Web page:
NEW YORK (Reuters) - Hedge funds and other speculators have made their biggest bets since July that U.S. crude prices will rise, a sign of Wall Street confidence that the oil selloff that began 10 months ago may be nearing its end.
Data from the U.S. Commodity Futures Trading Commission (CFTC) on Friday showed the net long position in U.S. West Texas Intermediate (WTI) crude held by money managers rose by 40,994 contracts to 276,051 in the week ended April 21.
Reuters charts of CFTC data show that is the highest level in nine months for net longs, or positive wagers, on WTI held by such money managers, who include hedge fund operators and speculators.
“This data is consistent with the price rally we’ve been seeing in oil,” said John Kilduff, partner at New York-based energy hedge fund Again Capital. “Oil is back in favor and lots of folks are anxious to get in to what they see as a bottom to the market.”
After worries about a global glut drove oil markets down 50 percent from last June, crude prices seem to have found their footing in recent weeks.
WTI’s front-month contract surged from a six-year low of $42.03 a barrel in March to a 2015 high of $58.41 this week. It gained 27 percent over the past six weeks, rising about 20 percent in April alone.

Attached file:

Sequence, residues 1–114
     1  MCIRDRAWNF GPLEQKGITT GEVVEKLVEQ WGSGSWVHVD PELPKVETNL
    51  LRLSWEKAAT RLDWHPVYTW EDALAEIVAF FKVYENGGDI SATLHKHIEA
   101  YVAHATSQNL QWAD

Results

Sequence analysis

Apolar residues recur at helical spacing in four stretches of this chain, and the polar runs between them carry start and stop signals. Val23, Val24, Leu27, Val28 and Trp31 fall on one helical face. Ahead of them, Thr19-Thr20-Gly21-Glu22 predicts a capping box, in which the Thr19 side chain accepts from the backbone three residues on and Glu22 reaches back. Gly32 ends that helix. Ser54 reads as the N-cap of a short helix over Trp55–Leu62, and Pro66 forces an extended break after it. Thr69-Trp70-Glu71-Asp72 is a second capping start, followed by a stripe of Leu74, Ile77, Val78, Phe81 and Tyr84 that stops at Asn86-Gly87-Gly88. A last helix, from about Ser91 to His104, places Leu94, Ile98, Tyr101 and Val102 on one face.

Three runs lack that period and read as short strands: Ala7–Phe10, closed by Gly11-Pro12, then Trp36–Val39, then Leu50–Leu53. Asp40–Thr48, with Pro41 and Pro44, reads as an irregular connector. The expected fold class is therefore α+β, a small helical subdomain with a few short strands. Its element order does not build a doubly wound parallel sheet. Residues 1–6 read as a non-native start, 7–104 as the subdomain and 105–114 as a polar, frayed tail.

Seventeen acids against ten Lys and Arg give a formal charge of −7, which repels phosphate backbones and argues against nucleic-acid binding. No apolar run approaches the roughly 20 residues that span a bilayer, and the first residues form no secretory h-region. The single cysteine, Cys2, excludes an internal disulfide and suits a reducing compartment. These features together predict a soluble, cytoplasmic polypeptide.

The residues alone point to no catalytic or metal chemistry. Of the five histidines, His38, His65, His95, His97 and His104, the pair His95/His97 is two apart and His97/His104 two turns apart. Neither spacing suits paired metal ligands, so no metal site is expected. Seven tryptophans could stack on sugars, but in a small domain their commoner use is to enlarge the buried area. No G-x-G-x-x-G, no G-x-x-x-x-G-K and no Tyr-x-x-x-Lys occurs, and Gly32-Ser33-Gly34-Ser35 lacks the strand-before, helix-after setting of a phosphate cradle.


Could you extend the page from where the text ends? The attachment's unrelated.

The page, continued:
Brent, the global benchmark for oil, surged from a near six-year low of $45.19 in January to a 4-1/2-month high of $65.80 on Friday.
Even so, oil producers and Wall Street are at odds on whether the slump is over, with financial investors betting the recovery will be quicker than the industry expects.
On Friday, Societe Generale raised its 2015 average price forecast for Brent by $4.33 to $59.54 a barrel and for WTI by $4.28 to $53.62..
Technical charts also show the current rally as yet to peak.
Tim Evans, energy futures specialist at Citi Futures in New York, said the CFTC data showed “short covering still dominant” in U.S. crude after the selloff.
Global oil supplies remain in a glut, with OPEC crude production outstripping demand by nearly 2 million barrels per day.
Some analysts caution that the price gains could encourage more U.S. shale oil production and a few oil majors are considering further spending cuts on exploration.
Editing by Grant McCool